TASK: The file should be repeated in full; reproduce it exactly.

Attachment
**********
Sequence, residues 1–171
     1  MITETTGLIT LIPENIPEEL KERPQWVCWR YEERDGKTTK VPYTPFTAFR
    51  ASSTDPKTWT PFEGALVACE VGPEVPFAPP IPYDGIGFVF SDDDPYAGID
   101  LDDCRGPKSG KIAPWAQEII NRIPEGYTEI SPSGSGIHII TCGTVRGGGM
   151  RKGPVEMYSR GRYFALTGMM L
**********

Sequence, residues 1–171
     1  MITETTGLIT LIPENIPEEL KERPQWVCWR YEERDGKTTK VPYTPFTAFR
    51  ASSTDPKTWT PFEGALVACE VGPEVPFAPP IPYDGIGFVF SDDDPYAGID
   101  LDDCRGPKSG KIAPWAQEII NRIPEGYTEI SPSGSGIHII TCGTVRGGGM
   151  RKGPVEMYSR GRYFALTGMM L